Sometimes, seeing dates and events on a calendar happens to be the most useful. Just typing in “April 22nd” on a project checklist doesn’t help me squat. Cue Google Calendar. I can visually see upcoming due dates, which really puts my whole month into perspective for me. Coupled with color coding (a calendar for class-related events, including lecture times and meetings; one for my personal calendar, etc.) and Google Calendar is my best friend for planning anything and everything. I don’t put vague tasks on there, like “workout” and issue a concrete time (7-8:00 am – that sounds much too inflexible, and besides, that’s what my Any.do is for!), but long-term events and deadlines are there so I have a constant reminder at the beginning of the week or month.
- Specialized lists (shopping, blog post planning, etc.)
- Bookmarking information
- Digital note-keeping
I would be remiss to not mention Evernote when I talk about how I organize the things I reference and use every day. Back when I had first heard about it, I didn’t understand what all of the hubbub was about. Okay, so you can save notes – big deal. My mother actually started preaching the joys of Evernote to me on a fairly regular basis at about this time, so I gave Evernote another chance.
Evernote works wonders for any kind of information you want to hold on to (think Pinterest for non-pictures). I’ve used it to create a digital notebook for the important phone numbers and utility information in our new township; I’ve got a running list of blog post ideas for dry spells; our weekly meal plan is in there; and I’ve even got my shopping list, with pictures and links to all of the closet essentials I’ve been meaning to buy (categorized by type, of course). Evernote: 1 Kristin: owes Evernote an apology.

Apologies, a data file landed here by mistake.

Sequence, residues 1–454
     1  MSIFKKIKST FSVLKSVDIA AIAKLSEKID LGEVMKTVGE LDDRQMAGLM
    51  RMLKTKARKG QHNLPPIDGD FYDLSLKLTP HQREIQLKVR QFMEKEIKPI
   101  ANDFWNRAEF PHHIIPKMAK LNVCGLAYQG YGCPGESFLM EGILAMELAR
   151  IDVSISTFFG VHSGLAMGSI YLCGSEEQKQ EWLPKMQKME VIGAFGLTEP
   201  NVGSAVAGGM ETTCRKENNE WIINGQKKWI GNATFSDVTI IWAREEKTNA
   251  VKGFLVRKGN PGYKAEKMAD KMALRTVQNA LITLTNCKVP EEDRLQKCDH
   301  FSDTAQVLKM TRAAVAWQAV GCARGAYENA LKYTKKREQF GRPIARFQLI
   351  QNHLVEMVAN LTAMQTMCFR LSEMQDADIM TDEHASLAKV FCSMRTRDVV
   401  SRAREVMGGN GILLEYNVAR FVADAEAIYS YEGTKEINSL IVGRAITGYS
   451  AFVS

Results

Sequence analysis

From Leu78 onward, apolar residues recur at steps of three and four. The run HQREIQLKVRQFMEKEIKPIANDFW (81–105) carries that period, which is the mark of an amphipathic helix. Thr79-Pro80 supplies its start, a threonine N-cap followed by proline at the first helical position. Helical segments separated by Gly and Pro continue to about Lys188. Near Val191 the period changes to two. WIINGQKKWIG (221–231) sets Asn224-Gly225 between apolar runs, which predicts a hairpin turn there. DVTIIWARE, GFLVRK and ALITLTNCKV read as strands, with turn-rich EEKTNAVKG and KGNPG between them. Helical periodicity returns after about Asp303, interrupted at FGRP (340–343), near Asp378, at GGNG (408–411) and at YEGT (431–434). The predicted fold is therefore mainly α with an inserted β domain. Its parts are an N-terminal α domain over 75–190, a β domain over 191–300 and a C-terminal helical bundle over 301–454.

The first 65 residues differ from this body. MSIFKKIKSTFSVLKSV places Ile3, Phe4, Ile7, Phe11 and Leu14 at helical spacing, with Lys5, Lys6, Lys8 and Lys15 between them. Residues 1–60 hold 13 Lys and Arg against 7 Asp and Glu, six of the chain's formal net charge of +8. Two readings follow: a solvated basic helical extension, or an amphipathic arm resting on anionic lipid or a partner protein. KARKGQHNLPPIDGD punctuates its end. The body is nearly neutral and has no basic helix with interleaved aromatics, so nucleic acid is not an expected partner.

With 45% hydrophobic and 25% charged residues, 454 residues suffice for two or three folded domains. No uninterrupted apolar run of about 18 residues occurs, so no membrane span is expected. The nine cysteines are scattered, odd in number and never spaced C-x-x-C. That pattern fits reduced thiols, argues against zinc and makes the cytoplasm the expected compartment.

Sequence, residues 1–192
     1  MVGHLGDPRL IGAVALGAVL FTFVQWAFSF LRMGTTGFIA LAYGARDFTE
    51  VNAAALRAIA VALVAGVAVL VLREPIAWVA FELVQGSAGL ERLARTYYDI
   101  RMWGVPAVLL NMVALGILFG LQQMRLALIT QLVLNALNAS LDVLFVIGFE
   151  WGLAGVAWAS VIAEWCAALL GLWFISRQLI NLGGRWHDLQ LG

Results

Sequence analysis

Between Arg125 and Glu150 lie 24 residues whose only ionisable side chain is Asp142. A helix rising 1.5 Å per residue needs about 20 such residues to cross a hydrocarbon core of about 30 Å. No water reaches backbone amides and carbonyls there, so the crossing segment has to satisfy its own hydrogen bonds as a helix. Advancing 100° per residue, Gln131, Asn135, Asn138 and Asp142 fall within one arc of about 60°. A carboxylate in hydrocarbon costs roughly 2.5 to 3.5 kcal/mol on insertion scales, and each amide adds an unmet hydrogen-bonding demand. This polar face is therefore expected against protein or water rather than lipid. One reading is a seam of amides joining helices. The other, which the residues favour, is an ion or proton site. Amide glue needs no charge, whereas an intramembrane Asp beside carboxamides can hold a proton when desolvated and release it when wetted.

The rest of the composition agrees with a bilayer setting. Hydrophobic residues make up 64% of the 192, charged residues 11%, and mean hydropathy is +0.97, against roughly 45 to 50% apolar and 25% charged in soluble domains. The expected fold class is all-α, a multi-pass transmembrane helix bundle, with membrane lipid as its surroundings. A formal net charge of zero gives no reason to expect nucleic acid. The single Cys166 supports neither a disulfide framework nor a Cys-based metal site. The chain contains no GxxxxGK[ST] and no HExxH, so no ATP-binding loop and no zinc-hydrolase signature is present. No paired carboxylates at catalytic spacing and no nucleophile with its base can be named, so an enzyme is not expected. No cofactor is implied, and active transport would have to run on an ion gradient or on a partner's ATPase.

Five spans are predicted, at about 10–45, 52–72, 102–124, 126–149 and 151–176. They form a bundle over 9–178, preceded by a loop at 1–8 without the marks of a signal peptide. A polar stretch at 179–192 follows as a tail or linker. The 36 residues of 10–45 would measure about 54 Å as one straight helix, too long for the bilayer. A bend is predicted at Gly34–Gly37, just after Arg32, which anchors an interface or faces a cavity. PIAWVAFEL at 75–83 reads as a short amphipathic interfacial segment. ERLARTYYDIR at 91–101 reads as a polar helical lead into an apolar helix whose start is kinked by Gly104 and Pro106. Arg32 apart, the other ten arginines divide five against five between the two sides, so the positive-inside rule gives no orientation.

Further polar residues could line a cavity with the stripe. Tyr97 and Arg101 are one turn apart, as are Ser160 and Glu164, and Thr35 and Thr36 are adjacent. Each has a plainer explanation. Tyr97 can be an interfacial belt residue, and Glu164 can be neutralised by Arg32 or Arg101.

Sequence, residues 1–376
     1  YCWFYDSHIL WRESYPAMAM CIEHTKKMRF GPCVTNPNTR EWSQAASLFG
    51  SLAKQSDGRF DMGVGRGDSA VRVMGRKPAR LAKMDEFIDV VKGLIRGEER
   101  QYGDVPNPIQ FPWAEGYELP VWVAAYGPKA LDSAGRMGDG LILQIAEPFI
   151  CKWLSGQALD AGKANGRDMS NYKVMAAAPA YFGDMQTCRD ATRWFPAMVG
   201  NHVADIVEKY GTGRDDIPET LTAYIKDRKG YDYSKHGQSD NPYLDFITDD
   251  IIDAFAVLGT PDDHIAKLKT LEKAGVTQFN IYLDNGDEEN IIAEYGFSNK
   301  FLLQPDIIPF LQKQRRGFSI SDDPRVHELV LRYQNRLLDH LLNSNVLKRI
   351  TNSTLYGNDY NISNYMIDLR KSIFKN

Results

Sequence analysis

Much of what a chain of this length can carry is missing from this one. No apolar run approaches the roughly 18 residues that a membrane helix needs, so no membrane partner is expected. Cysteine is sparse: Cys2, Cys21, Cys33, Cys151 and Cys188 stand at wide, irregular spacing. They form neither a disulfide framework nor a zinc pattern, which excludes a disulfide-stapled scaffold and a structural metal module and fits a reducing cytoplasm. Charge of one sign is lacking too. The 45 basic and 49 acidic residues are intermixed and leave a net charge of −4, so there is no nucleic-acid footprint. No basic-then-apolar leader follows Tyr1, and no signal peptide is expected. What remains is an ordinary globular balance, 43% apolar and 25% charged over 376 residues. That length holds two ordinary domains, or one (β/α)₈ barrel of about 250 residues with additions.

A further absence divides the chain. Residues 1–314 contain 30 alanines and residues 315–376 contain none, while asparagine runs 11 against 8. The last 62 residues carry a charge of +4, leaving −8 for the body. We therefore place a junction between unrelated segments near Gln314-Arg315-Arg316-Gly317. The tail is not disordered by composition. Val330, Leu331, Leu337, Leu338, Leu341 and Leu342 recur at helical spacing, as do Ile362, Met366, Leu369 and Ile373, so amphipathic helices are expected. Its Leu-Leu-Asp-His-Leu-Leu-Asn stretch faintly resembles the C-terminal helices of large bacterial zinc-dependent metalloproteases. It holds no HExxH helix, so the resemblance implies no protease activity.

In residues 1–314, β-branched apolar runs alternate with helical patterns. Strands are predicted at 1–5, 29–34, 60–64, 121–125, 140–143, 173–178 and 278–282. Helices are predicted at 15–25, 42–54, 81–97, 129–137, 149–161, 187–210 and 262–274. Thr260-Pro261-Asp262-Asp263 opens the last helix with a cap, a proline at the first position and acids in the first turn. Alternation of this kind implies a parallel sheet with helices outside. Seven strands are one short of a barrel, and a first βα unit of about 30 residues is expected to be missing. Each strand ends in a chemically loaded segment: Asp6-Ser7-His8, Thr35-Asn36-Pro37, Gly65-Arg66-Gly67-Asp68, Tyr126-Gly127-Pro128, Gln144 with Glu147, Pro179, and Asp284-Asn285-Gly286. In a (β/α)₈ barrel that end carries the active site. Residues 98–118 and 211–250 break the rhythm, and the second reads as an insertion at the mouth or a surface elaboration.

I recently read that the more stuff you put into Evernote, the more useful it is (as counterintuitive as this sounds at first, I gave it a go and think the sheer amount of stuff I keep in it helps me make the most of it; seriously, try it).
- Bookmarking articles
- Filtering through Feedly
I don’t always have the time to read every single article that comes through Feedly, especially if they’re long, so Pocket is great for keeping a running tab of things I need to get to for my own reading pleasure.
Pocket can easily become a time trap (you know, the kind where you start off with nice, focused intentions only to emerge 6 hours later with no clear recollection of what you’ve been doing all that time) if you don’t keep it in check. For me, that means bookmarking articles that I want to read for later, but don’t necessarily have to act on (ie. reply to, comment on, etc.), but it’s different for everyone. This is how I go through a lot of informational articles, again, that I just want to read. If the article or link is a potential candidate for a Link Love post, or a post I want to leave a comment on, that happens elsewhere, or else my Pocket gets out of control.
My Filofax hasn’t been neglected, never you fear. I must admit, I’m not the best at keeping it up to date, nor is it always the sticker-filled, doodled-in, Pinterest-worthy piece of art that some Filofax diehards revel in. But hey, it’s color-coded. And having a physical planner looks much classier at an event than whipping out your phone. Even when said planner is hot pink. With 3D cupcake stickers on it. True story.